Tech

US regulator sues to stop Nvidia’s acquisition of Arm


US regulators have sued to block Nvidia’s multibillion-dollar acquisition of UK chip design company Arm from SoftBank after European and American authorities raised concerns about the tie-up.

The Federal Trade Commission said in a statement on Thursday that the transaction, which would be the largest takeover of a semiconductor group, would give one of the world’s biggest chip groups control over computing technology and designs that competitors rely on to create their own chips.

The case is the latest significant antitrust move by the Biden administration, which has committed to curb the power of big business by stamping out anti-competitive practices.

The FTC pegged the value of the chip deal at $40bn, but the cash and stock transaction is currently worth $82bn following a jump in Nvidia’s share price. Nvidia would have to pay SoftBank a $1.25bn break-up fee if the deal falls apart.

The regulator alleged that the combined company would “have the means and incentive to stifle innovative next-generation technologies, including those used to run data centres and driver-assistance systems in cars”.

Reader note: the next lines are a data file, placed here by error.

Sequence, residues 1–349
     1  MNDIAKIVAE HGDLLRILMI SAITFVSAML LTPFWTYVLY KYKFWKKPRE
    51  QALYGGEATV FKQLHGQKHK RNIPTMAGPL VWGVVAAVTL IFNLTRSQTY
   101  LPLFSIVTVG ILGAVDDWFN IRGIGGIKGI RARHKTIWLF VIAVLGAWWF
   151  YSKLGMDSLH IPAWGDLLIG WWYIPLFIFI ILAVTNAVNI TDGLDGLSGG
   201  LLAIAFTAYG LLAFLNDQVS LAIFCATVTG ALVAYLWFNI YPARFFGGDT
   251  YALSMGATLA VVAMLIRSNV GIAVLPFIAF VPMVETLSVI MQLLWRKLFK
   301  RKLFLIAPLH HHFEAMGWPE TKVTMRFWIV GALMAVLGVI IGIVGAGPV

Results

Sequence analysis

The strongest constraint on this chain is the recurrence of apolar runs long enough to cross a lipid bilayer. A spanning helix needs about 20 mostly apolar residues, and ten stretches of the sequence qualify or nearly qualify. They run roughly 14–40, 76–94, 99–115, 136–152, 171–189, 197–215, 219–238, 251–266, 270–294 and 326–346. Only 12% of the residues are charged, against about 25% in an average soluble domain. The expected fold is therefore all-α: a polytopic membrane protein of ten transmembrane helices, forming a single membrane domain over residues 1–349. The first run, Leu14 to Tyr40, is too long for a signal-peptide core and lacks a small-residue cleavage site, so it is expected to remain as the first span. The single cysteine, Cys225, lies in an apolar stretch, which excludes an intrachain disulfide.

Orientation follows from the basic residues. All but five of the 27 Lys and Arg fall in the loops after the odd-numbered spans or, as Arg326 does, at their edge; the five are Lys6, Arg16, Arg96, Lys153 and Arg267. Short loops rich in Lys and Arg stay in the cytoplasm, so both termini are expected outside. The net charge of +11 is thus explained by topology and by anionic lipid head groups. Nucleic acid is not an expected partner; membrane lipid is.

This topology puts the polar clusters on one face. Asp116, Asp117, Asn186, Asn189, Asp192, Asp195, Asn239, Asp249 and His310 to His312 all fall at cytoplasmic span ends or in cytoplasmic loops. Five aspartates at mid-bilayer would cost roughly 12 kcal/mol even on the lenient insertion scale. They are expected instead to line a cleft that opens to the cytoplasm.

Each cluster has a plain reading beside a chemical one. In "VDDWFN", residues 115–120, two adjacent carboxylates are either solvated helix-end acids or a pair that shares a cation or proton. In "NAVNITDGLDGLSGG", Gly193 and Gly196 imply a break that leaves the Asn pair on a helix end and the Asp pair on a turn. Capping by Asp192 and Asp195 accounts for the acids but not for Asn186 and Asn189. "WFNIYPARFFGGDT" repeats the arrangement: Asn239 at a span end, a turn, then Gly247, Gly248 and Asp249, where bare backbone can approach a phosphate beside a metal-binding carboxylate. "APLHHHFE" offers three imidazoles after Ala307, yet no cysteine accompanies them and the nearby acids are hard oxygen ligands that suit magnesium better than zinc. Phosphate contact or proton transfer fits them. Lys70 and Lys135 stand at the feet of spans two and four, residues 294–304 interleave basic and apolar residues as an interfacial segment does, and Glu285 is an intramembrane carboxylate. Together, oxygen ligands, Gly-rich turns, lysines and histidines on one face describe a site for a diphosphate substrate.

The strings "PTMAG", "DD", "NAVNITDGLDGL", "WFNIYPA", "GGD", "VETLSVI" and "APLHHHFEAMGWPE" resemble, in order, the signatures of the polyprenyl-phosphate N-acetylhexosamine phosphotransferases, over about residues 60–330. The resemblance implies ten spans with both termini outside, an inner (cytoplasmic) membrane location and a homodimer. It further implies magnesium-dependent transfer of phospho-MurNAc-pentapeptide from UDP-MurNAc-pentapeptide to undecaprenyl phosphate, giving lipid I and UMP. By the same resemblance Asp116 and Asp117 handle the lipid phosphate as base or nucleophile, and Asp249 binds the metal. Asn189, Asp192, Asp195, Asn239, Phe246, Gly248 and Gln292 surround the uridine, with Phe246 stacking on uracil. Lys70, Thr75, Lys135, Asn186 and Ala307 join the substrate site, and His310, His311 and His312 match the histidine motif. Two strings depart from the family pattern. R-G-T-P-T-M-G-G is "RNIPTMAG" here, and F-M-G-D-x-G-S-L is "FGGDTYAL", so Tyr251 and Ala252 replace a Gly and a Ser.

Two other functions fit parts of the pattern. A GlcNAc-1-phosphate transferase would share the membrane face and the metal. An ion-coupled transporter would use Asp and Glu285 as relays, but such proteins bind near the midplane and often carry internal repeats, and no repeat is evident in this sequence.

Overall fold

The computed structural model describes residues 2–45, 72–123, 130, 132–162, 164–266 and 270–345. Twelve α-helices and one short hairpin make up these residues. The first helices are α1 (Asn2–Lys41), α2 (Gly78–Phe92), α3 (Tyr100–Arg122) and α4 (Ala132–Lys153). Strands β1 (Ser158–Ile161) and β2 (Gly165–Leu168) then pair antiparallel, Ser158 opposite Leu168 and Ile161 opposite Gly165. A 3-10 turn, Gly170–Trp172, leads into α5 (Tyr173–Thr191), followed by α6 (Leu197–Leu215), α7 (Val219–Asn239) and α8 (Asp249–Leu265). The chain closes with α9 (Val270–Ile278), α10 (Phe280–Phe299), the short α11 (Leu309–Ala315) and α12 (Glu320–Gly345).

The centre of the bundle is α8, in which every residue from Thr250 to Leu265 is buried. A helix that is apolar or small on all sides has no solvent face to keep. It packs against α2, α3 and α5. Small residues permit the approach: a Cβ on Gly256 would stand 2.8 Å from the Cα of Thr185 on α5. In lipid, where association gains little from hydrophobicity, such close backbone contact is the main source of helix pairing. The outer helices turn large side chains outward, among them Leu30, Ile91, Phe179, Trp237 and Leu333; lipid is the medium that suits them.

Holly Vedova, director of the FTC’s bureau of competition, said the regulator was acting in order “to prevent a chip conglomerate from stifling the innovation pipeline for next-generation technologies”.

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Nvidia in a statement said it would “continue to work to demonstrate that this transaction will benefit the industry and promote competition”, adding it would invest in Arm’s research & development, maintain its open licensing model and ensure its intellectual property is “available to all interested licensees”.

The FTC’s move comes after Nvidia last month said the regulator had “expressed concerns” about the Arm transaction, and that it was in discussions with the agency about “remedies to address those concerns”.

The UK had previously launched an in-depth investigation into the tie-up on competition and national security grounds. The European Commission began its own extended review in October.

Additional reporting by James Fontanella-Khan



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